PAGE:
Differentiating yourself on paper – Landing an Interview

Are you a Consultant and feel you are being passed over multiple opportunities? Continue reading to find out what can help your resume shine above the rest.

Too many resumes simply do not do justice to an applicant’s experience.  It is a shame to see great people passed over because their skills are not represented well on paper.  Hiring managers will review 8 to 10 resumes in 20 minutes and pick the top two or three for interviews.

Here are some tips to ensure your resume is at the top of the pile:

 

  • If your resume has an objective, delete it.
    • Most objectives are vague, self-serving, and take up the most valuable real estate at the top of the page. Replace it with a two to three sentence skills summary that fits the needs of your potential employer.  Your skills summary should list the length of industry experience, length of specific experience with a module, number of relevant implementations/projects, and what you can bring to this project specifically.

 

  • For each of your positions/projects, list the most relevant skills first.
    • I know it sounds basic, but too many candidates have important items buried in the middle or end of a paragraph or bullet point.  If it can be overlooked, it will be, and you will be overlooked or moved deeper into the pile.

 

  • Remove or simplify any extraneous skills or experience.
    • If you do not want to remove it, move it to the bottom of the last page.  If you are applying for an EMR Consultant position- there’s no need to list your cashier experience from high school.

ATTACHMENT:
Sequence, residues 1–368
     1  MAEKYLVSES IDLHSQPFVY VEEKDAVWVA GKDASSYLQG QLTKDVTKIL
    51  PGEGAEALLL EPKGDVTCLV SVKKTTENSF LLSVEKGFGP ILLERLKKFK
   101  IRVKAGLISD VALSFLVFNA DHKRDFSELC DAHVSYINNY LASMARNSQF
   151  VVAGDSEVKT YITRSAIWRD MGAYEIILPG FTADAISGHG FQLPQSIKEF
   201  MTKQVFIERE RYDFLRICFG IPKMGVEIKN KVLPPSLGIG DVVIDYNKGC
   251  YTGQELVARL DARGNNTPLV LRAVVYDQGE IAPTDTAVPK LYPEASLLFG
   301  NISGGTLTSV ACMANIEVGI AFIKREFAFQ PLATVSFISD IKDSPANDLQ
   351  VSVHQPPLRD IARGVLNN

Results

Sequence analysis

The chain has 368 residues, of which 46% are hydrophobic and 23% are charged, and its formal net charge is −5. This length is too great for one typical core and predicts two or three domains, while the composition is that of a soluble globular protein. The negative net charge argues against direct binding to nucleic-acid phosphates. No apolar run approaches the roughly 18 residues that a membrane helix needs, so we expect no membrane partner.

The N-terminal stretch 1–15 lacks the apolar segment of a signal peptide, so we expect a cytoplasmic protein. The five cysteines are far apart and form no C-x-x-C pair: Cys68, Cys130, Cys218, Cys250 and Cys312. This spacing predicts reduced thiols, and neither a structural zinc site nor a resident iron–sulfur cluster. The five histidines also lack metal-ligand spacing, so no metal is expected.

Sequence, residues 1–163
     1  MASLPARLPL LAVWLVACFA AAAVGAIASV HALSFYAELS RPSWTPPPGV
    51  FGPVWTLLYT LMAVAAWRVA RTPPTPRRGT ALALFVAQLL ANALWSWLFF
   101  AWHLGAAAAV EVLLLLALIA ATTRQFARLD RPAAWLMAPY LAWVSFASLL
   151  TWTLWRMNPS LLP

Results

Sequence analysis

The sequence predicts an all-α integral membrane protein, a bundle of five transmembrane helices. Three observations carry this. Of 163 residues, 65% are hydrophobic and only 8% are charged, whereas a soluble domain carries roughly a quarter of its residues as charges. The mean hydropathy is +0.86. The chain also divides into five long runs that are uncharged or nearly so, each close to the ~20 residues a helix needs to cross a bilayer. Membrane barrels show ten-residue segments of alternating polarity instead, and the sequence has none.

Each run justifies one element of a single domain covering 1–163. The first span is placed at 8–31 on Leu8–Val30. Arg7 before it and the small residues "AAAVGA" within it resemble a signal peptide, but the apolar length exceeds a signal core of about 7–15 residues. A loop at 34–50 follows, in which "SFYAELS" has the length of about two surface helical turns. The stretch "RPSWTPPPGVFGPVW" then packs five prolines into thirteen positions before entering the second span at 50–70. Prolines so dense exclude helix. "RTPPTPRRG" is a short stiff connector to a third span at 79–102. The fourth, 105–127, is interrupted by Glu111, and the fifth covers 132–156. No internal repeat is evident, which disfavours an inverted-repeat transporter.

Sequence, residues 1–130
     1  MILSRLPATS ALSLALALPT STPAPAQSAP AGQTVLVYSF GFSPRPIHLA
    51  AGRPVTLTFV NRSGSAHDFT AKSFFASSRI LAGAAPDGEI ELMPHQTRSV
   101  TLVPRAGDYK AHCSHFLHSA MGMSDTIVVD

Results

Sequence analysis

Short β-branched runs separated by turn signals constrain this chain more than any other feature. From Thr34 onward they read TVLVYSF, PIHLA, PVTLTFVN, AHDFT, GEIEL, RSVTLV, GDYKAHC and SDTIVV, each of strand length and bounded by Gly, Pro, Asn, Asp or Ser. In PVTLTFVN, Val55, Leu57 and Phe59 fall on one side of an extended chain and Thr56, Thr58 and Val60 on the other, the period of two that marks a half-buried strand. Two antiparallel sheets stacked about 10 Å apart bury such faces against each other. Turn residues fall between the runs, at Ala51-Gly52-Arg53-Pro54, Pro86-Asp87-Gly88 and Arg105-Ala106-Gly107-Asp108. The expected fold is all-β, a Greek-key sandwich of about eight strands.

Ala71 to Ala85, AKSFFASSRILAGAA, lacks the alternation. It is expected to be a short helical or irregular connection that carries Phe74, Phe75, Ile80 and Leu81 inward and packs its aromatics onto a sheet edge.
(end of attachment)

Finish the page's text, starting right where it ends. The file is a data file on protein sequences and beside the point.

• Quantifiable accomplishments are the best for both your summary and your accomplishments
    • How large/sophisticated was the project? What was the size of the institution? How many people were on your team?  Avoid vague accomplishments that have zero perceived value like, “Worked with other departments” or “participated in meetings”.   Instead say, “Coordinated with Pediatric Oncology, Radiology, and Cardiology departments to do X, resulting in Y.”

 

  • Always tailor your resume to the position
    • Any relevant skill in bullet lists need to be at the top of the list. If it is a technical position, list specifics and details, the tools you used, and the results you helped achieve.

 

  • Remove titles from past jobs or positions if they are vague.
    • This holds true especially for roles in large organizations. If you are applying for a Sr. Analyst Role and your last position was Jr. Analyst II or IT Level II support, you will be passed over.  Titles like this mean nothing and can diminish your value.  Leave the title off and list your responsibilities, let the reader determine what level you are – in some organizations, a supervisor has as much responsibility as a VP.

 

  • Bulleting
    • Make each bullet relevant, clear, and clean (spacing, 1” margins), not in a descriptive paragraph style. When each skill or accomplishment is a separate bullet it is quicker and easier to get an accurate understanding of your abilities. If there’s an experience or a skill that is rare or unique, then make sure it’s at the top of your list and in the first few words of the line.

 

  • Resume length for contracted analysts is two pages:
    • One page is too little and anything over three pages is too much.

 

 

Whether you are an EMR Consultant or not, these tips can help your resume shine from all of the other resumes in the batch.